Thirteen days into December, despite being fully vaccinated and “boosted,” I was diagnosed with COVID-19. I tested when I was alerted that someone in my inner circle became sick and was shocked to learn that the insidious virus was hanging out in my body. I immediately contacted the few people I was in the company of in the suspect time frame. It’s an understatement to say it was challenging to wrap my head around this.
Once having COVID became public knowledge, a couple of reactions left me feeling like an irresponsible human snatching joy from our planet. The “Oh, No, I hope you didn’t get me sick; I have a busy calendar,” and the unsaid yet implied, “How Could You?” were really upsetting. As the “Oh No” chain grew, I fell apart.
Some awareness during that first “I have COVID” week:
1. I haven’t always done my due diligence by asking everyone I’m with if they’re vaccinated or if they’ve been exposed to the disease.
2. A few times, I strayed outside the limits of my home with multiple masks left in my car.
3. Like almost everyone I know, I’ve been with friends and family in restaurants or coffee shops, not knowing who around me could—knowingly or unknowingly—be infected. (I was basically unsymptomatic and wouldn’t have known I was sick unless someone I care about was infected.)
I’m fine now (fine being relative, of course!), and I’m fortunate to be healthy with no pre-existing physical vulnerability issues. (I am, however, vulnerable to hurt or sorrow.)
Ironically, the person I most likely contracted it from is the most conscientious mask-wearer I know. And, I certainly didn’t think anything like, “how dare that person give me COVID!”
I isolated as mandated, of course, which offered an uncharacteristically slow, last few weeks of the year mindset, and had plenty of time to revisit what matters most: other humans. (I’m always aware of that, but there are times in life’s craziness that I haven’t always prioritized that.) And, I was blessed with gems like the notes and phone calls I received from people who love me and were just “checking in,” and by my dear friend, Monica, driving forty minutes, each way, to bring soup, candy canes, and “church-lady made” pierogies to my front door.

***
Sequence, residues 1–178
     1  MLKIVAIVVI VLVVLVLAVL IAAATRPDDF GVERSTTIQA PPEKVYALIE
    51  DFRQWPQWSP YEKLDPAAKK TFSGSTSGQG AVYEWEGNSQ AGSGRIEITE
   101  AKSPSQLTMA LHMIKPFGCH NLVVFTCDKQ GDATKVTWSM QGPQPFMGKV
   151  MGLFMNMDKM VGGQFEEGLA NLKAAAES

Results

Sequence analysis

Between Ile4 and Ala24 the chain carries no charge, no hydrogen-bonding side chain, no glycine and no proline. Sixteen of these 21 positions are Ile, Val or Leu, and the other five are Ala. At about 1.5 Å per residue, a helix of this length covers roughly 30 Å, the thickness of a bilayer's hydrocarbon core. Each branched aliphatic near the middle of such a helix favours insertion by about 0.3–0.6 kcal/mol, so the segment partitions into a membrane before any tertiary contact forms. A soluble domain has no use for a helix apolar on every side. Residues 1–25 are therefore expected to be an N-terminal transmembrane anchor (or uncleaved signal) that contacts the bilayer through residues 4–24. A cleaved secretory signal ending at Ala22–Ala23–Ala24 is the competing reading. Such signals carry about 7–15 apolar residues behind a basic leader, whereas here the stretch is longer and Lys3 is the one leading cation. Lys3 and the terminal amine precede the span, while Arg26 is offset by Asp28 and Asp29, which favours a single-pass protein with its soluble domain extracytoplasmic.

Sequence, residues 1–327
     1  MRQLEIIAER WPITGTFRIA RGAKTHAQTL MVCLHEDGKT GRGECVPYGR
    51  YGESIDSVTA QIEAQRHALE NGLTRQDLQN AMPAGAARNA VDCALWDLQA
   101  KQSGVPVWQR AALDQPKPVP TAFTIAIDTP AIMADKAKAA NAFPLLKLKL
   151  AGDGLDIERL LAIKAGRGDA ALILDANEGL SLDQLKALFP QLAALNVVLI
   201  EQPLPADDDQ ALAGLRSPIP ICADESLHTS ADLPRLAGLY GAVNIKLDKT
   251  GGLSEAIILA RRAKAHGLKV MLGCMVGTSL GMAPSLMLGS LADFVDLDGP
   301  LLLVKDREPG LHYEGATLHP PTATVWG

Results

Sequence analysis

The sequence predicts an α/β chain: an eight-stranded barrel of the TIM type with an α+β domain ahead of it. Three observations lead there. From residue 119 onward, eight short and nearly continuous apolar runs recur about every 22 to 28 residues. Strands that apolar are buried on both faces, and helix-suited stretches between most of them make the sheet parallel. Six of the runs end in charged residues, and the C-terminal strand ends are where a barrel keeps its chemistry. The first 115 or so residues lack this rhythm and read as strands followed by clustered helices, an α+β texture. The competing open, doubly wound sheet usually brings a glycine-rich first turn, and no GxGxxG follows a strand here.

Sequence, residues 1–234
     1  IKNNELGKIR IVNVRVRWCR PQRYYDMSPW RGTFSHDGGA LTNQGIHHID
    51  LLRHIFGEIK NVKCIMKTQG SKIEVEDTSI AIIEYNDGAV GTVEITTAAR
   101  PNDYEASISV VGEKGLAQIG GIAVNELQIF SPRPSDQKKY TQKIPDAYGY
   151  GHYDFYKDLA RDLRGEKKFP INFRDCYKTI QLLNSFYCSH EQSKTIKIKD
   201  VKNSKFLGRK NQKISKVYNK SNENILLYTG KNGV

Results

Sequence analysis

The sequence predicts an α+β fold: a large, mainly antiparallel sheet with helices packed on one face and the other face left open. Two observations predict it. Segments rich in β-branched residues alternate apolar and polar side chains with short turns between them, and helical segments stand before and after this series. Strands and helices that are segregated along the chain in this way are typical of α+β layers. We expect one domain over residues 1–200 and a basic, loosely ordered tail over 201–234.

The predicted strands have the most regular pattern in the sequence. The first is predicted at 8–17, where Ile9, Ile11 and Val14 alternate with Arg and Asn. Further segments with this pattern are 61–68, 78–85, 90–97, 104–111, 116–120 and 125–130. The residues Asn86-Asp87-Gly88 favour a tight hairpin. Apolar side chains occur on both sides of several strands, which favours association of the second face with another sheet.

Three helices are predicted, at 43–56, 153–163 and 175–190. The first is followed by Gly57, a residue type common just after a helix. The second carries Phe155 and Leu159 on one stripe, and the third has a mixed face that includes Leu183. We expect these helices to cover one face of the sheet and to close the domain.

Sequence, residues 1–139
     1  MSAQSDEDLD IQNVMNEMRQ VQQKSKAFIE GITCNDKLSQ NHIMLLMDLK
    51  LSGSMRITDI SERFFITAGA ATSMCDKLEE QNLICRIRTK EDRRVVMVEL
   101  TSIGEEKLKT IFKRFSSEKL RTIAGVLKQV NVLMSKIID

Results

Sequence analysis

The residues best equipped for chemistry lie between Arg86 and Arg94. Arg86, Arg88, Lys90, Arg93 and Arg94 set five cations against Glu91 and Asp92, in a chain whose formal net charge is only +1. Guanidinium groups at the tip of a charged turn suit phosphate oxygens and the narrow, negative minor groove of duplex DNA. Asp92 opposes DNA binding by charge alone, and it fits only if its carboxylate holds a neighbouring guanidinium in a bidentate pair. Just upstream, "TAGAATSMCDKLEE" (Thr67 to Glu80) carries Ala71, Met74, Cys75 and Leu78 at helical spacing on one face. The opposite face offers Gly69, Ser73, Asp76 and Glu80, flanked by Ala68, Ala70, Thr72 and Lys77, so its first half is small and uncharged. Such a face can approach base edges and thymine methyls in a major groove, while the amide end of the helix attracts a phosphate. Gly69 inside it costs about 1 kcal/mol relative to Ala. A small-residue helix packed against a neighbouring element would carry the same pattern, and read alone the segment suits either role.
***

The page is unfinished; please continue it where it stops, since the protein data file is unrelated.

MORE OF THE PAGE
My takeaways from this experience include:
• if you’re diagnosed with coronavirus, notify those you’ve physically been with during the required period
• let anyone you’ve spent time with recently know if you’ve been in contact with someone who’s sick
• don’t share other people’s medical conditions (of any kind) without consent
• don’t assume that because someone has the virus, s/he was irresponsible
• if you’re carrying guilt about inadvertently exposing someone recognize that you did not create COVID-19
• be kind to yourself—we all deserve that regardless of our health
Part two tomorrow morning!
As it’s so often said, you don’t ‘know’ until you experience it yourself….your thoughts just confirmed that reality. Thank you for enlightening our awareness with your journey the last few weeks. ❤
Thank you, my dear friend, for your love and support!
So happy to hear you are doing well. Sorry you had to experience all of this. Life!
There are many who most likely had it and were not aware of it. From Day 1, this pandemic has been most confusing.
🙏🏼 for many continued blessings for you in 2022.
On Mon, Jan 3, 2022 at 10:22 PM peace full home®—intentional living wrote:
> Kay Malloy McLane posted: “Thirteen days into December, despite being > fully vaccinated and “boosted,” I was diagnosed with COVID-19. I tested > when I was alerted that someone in my inner circle became sick and was > shocked to learn that the insidious virus was hanging out in my body.” >
Thanks for reaching out, Ronnie. It definitely has been an interesting/challenging two years. Am sending prayers your way as well! I hope you and all you love have wonderful a 2022!